Dalton v Dalton

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Dalton v Dalton 2019 NY Slip Op 05384 Decided on July 3, 2019 Appellate Division, Second Department Published by New York State Law Reporting Bureau pursuant to Judiciary Law ยง 431. This opinion is uncorrected and subject to revision before publication in the Official Reports.

Decided on July 3, 2019 SUPREME COURT OF THE STATE OF NEW YORK Appellate Division, Second Judicial Department
WILLIAM F. MASTRO, J.P.
ROBERT J. MILLER
BETSY BARROS
LINDA CHRISTOPHER, JJ.
2018-07422
(Index No. 52820/16)

[*1]Archie C. Dalton, et al., appellants,

v

Jack Bradford Dalton, defendant, Nanette A. Dalton, respondent.



Corbally, Gartland and Rappleyea, LLP, Poughkeepsie, NY (Jon Holden Adams of counsel), for appellants.

Ostertag O'Leary Barrett & Faulkner, Poughkeepsie, NY (Sharon M. Faulkner of counsel), for respondent.



DECISION & ORDER

In an action to impose a constructive trust upon the proceeds from a sale of real property, the plaintiffs appeal from an order of the Supreme Court, Dutchess County (Peter M. Forman, J.), dated May 25, 2018. The order granted the motion of the defendant Nanette A. Dalton pursuant to CPLR 3211(a)(5) to dismiss the complaint insofar as asserted against her based on the doctrine of collateral estoppel.

ORDERED that the order is reversed, on the law, with costs, and the motion of the defendant Nanette A. Dalton pursuant to CPLR 3211(a)(5) to dismiss the complaint insofar as asserted against her is denied.

The plaintiffs are the parents of the defendant Jack Bradford Dalton. The defendant Nanette A. Dalton (hereinafter the defendant) is the former spouse of Jack Bradford Dalton. The plaintiffs commenced this action to impose a constructive trust upon the proceeds from the sale of certain real property, which were, in part, disbursed to Jack Bradford Dalton and the defendant in a prior divorce action. The plaintiffs alleged that the plaintiff Archie C. Dalton, the defendant's former father-in-law, advanced certain funds in connection with the acquisition and improvement of the subject property, with the understanding that the advances were loans which would be repaid. The defendant moved pursuant to CPLR 3211(a)(5) to dismiss the complaint insofar as asserted against her, arguing that the plaintiffs were collaterally estopped from seeking to impose a constructive trust on the proceeds from the sale of the subject property because they failed to intervene in the divorce action, in which the sale proceeds were subjected to equitable distribution. In an order dated May 25, 2018, the Supreme Court granted the defendant's motion. The plaintiffs appeal.

"The doctrine of collateral estoppel precludes a party from relitigating in a subsequent action or proceeding an issue clearly raised in a prior action or proceeding and decided against that party or those in privity, whether or not the tribunals or causes of action are the same'" (Bank of N.Y. Mellon v Chamoula, 170 AD3d 788, 790, quoting Ryan v New York Tel. Co., 62 NY2d 494, 500). "The doctrine of collateral estoppel applies when: (1) the issues in both proceedings are identical, (2) the issue in the prior proceeding was actually litigated and decided, (3) there was a full [*2]and fair opportunity to litigate in the prior proceeding, and (4) the issue previously litigated was necessary to support a valid and final judgment on the merits'" (Bank of N.Y. Mellon v Chamoula, 170 AD3d at 790, quoting Conason v Megan Holding, LLC, 25 NY3d 1, 17 [internal quotation marks omitted]). "The party seeking to invoke collateral estoppel has the burden to show the identity of the issues" (Matter of Dunn, 24 NY3d 699, 704).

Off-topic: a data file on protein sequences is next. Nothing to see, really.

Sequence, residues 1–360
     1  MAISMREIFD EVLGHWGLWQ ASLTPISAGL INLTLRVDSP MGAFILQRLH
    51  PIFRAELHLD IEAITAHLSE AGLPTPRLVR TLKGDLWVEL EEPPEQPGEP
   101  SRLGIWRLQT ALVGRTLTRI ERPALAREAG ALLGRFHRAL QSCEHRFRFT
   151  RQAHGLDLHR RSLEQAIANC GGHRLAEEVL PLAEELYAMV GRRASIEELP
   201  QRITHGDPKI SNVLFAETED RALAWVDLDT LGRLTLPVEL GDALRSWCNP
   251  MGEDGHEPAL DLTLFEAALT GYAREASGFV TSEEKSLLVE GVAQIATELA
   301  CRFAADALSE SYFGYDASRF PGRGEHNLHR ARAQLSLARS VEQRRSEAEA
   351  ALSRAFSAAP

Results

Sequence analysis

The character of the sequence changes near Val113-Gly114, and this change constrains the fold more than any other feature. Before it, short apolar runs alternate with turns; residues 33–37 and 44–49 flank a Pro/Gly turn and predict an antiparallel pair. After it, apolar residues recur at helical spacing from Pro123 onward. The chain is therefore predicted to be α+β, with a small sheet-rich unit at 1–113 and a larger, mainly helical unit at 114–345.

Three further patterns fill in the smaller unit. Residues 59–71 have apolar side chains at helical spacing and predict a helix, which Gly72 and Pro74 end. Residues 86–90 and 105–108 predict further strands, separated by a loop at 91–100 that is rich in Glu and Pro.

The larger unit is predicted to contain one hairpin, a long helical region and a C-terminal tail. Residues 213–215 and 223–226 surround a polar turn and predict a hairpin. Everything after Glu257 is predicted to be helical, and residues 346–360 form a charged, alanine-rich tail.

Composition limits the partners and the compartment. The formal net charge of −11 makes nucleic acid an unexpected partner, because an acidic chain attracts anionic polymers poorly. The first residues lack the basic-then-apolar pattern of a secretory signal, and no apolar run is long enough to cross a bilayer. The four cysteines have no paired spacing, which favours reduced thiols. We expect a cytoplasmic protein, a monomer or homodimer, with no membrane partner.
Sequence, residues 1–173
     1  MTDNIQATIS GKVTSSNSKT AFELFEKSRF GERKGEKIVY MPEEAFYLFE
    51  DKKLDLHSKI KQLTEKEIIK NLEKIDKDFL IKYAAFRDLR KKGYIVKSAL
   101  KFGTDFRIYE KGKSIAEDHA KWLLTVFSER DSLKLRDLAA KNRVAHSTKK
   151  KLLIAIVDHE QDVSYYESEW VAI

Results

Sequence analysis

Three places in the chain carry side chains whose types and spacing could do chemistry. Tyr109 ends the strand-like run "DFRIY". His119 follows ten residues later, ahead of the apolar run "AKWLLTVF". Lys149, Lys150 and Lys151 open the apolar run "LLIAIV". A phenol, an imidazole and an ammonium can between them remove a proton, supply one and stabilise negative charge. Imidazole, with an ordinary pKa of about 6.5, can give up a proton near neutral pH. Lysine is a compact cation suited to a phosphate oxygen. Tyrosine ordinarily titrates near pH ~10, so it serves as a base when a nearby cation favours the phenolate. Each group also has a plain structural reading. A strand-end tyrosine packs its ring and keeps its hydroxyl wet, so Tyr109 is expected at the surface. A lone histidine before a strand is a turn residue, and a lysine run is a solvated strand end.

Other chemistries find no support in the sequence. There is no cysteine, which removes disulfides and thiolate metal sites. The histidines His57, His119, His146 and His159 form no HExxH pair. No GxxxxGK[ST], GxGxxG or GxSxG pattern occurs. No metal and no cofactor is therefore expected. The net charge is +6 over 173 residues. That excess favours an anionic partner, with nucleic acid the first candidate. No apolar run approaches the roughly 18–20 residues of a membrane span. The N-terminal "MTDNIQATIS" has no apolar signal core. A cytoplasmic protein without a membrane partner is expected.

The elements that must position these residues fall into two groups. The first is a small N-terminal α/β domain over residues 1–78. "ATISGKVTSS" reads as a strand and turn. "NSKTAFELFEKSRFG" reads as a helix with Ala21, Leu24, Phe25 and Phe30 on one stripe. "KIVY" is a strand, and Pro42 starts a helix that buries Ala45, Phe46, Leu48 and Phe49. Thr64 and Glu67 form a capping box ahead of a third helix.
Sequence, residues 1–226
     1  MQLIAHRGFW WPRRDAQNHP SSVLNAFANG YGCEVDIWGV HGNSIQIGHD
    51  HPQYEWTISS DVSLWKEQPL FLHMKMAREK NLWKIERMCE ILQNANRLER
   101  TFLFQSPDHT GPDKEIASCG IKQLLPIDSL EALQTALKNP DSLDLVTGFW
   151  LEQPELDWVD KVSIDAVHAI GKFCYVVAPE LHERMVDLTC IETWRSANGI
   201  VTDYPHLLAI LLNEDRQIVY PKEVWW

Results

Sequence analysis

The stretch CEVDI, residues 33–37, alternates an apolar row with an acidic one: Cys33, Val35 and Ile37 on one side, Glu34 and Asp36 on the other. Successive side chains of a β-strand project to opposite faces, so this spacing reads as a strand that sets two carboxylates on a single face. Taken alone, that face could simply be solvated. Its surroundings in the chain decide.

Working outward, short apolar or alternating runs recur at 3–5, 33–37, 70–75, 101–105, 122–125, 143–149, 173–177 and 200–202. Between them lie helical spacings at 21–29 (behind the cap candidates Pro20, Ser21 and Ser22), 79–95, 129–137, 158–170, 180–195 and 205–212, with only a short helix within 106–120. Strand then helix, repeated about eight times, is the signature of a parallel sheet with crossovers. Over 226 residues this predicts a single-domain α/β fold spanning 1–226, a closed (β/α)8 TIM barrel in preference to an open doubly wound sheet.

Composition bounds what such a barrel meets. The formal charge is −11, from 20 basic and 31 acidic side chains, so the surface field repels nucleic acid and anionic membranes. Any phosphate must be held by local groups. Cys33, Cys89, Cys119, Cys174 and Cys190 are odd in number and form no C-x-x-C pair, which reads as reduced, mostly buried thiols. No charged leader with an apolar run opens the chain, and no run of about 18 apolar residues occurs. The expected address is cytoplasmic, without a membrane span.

The doctrine of collateral estoppel can only be applied to those who, unlike the plaintiffs, were either parties or in privity with a party to the prior action or proceeding (see Colella v GEICO Gen. Ins. Co., 164 AD3d 745, 746-747; Russell v New York Cent. Mut. Fire Ins. Co., 11 AD3d 668, 669; Searles v Main Tavern, 28 AD2d 1136). Contrary to the defendant's contention, that the plaintiffs did not seek to intervene in the prior divorce action involving their son and the defendant does not collaterally estop them from maintaining this action to impose a constructive trust on real estate sale proceeds (see Colella v GEICO Gen. Ins. Co., 164 AD3d at 746-747; Russell v New York Cent. Mut. Fire Ins. Co., 11 AD3d at 669; Searles v Main Tavern, 28 AD2d 1136). Moreover, the defendant failed to demonstrate that the issue of whether the plaintiffs were entitled to impose a constructive trust upon the sale proceeds due to alleged loans made by the plaintiff Archie C. Dalton was actually litigated and necessarily decided in the prior divorce action (see Ricci v Redfern, 17 AD3d 559, 560).

Accordingly, the Supreme Court should have denied the defendant's motion pursuant to CPLR 3211(a)(5) to dismiss the complaint insofar as asserted against her.

MASTRO, J.P., MILLER, BARROS and CHRISTOPHER, JJ., concur.

ENTER:

Aprilanne Agostino

Clerk of the Court